Velma Morton is a Manager at the 125th Street Branch of the The New York Public Library. She has obtained her Bachelor's Degree in Business Management from Monroe College.  She is a Certified Action Learning Coach with the WIAL Institute of Action Learning and also a CPI Institute Certified facilitator in Conflict Resolution. Her affiliation with the New York Public Library dates back over 19 years working in several locations throughout Manhattan. She continues to support and build lasting relationships by offering a comprehensive range of services for the East Harlem residents like free video based visitation for families separated by incarceration, connecting social services to people who are experiencing homelessness, and Community Conversations where any and everyone can share in meaningful dialogue. Velma also participates in the NYPL/NYU Social Worker Internship Program for the residents of East Harlem. Her continued passion for helping and serving her community runs deep.

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Anita Favretto, MA

Anita Favretto, Associate Director Outreach and Adult Programming at the New York Public Library (NYPL). In this role, Anita sets strategic direction, builds community partnerships and provides support and training to programming and outreach staff across a network of 88 neighbourhood libraries in New York City.  In 2017, together with Peggy Morton, Anita developed NYU's social work intern program at NYPL which is currently in four neighborhood libraries in Manhattan. She has worked in local government and in the non-profit cultural sector on three different continents (US, UK and Australia) and has developed extensive experience working in libraries, and the arts and cultural sector.

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Sarah Ball, M.S. 

Sarah Ball is the Managing Librarian of The New York Public Library's Correctional Services program. The program, now in its fortieth year, operates within jails and prisons across NYC, offering library services and literacy programming to thousands of people each year. Sarah works toward access to informational, recreational and educational opportunities for criminalized and incarcerated people and their families.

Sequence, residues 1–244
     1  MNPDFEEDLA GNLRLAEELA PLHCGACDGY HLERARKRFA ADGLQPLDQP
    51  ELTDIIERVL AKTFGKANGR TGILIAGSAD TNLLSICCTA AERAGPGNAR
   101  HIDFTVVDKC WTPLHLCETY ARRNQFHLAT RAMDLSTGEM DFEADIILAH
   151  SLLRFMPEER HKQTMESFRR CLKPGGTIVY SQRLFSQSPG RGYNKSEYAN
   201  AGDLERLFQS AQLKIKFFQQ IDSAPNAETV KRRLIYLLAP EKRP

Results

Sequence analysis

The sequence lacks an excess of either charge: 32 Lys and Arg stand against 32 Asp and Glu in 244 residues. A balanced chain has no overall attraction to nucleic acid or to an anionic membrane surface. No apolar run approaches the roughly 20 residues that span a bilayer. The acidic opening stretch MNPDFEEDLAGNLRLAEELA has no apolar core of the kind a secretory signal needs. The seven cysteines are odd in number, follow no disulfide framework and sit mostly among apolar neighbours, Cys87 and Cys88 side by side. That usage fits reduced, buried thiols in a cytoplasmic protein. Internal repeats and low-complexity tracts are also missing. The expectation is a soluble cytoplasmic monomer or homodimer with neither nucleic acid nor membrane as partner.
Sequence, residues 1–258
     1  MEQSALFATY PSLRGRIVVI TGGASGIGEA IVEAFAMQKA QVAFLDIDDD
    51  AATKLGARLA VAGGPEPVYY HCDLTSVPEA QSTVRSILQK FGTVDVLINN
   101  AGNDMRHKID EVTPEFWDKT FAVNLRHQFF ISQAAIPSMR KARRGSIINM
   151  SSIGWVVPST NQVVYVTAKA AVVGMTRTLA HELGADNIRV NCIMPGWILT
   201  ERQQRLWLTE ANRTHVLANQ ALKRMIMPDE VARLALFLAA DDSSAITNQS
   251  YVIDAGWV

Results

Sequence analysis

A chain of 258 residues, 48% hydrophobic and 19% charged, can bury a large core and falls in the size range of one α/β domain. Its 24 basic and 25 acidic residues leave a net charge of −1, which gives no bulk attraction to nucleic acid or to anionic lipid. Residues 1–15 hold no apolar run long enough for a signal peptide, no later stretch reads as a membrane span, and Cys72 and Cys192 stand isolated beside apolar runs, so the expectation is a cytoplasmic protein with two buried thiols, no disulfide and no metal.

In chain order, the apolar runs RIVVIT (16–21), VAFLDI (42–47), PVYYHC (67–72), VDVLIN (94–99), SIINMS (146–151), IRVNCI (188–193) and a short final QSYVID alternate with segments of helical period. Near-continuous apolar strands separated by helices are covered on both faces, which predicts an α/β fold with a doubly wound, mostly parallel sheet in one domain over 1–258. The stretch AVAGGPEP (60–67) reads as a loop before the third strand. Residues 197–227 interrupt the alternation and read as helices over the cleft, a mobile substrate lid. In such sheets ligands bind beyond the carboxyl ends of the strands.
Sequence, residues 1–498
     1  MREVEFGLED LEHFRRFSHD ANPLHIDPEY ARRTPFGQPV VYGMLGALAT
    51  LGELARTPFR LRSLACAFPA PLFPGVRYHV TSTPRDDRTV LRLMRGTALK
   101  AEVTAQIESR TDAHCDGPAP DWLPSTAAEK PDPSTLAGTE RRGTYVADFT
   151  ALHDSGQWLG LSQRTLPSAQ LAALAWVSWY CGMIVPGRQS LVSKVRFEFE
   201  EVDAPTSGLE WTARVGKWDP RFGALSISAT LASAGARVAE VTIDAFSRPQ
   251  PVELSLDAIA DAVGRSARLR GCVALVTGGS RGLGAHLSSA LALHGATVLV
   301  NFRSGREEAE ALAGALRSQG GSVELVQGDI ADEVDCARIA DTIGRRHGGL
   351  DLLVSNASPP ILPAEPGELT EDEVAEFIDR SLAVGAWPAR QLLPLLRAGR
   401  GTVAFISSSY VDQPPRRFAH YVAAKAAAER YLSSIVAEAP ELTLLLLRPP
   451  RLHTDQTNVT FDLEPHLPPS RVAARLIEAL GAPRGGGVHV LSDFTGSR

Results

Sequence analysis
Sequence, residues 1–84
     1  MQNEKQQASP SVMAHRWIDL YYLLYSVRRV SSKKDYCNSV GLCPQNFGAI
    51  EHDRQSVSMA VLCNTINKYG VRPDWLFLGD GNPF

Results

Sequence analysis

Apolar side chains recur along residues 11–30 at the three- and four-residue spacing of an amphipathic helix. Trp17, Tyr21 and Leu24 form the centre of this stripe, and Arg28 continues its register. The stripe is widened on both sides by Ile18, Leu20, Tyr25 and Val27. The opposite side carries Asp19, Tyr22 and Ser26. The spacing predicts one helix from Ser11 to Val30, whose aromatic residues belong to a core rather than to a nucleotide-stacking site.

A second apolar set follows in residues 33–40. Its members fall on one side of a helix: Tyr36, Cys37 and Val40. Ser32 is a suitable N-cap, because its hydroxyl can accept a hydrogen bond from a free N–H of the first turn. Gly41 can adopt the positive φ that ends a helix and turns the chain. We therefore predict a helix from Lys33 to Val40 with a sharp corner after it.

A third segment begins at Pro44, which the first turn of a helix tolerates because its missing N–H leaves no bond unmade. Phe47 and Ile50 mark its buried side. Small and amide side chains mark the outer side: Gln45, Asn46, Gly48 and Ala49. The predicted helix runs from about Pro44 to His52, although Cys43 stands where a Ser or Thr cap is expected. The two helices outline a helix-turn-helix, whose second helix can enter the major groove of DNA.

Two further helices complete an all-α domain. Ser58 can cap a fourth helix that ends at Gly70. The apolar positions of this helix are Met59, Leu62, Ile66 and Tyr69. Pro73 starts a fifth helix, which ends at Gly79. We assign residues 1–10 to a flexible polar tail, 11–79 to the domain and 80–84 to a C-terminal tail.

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Shantel Johnson, LMSW 

Shantel Johnson, LMSW is a passionate clinician in training with 5+ years working with Individuals and Families in clinical and vocational settings across the NYC five boroughs. Shantel is a previous graduate of the State University of New York at New Paltz, where she received her BA in Sociology. She is also is a Graduate of the Silberman School of Social Work at Hunter College where she received her Masters of Social Work in 2013. After graduation, Shantel continued to provide services to individuals with dual disorders of various ages within day treatment programs. Shantel additionally worked with individuals living with HIV/AIDS providing counseling and housing support. Being a native of New York City and of South East Queens, Shantel is now devoted to providing program coordination, counseling to her community and mentorship to new professionals entering the field of Social Work at Queens Borough Public Library. In her free time, she enjoys writing, as she hopes to one day provide inspiration to others in overcoming hardships they may experience throughout their life through her experiences

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Casey Burke, LMSW

Casey Burke, LMSW, is the Program Director for Breaking Ground’s Street to Home program.  In her role, she oversees a wide range of services for people experiencing homelessness in the Borough of Brooklyn.  Casey is originally from Corpus Christi, Texas, and has lived in Brooklyn since 2002. She received her Bachelor’s degree in English from the University of Texas at Austin, and her MSW from New York University’s Silver School of Social Work in 2005.  She began working with Breaking Ground’s Street to Home program in 2007 and has been serving as Program Director since 2013. Casey’s social work practice has focused on people living with HIV and AIDS, people living with severe mental illness, and primarily on people living on the streets and in supportive housing. In her free time, Casey enjoys reading, the theatre, and craftivism.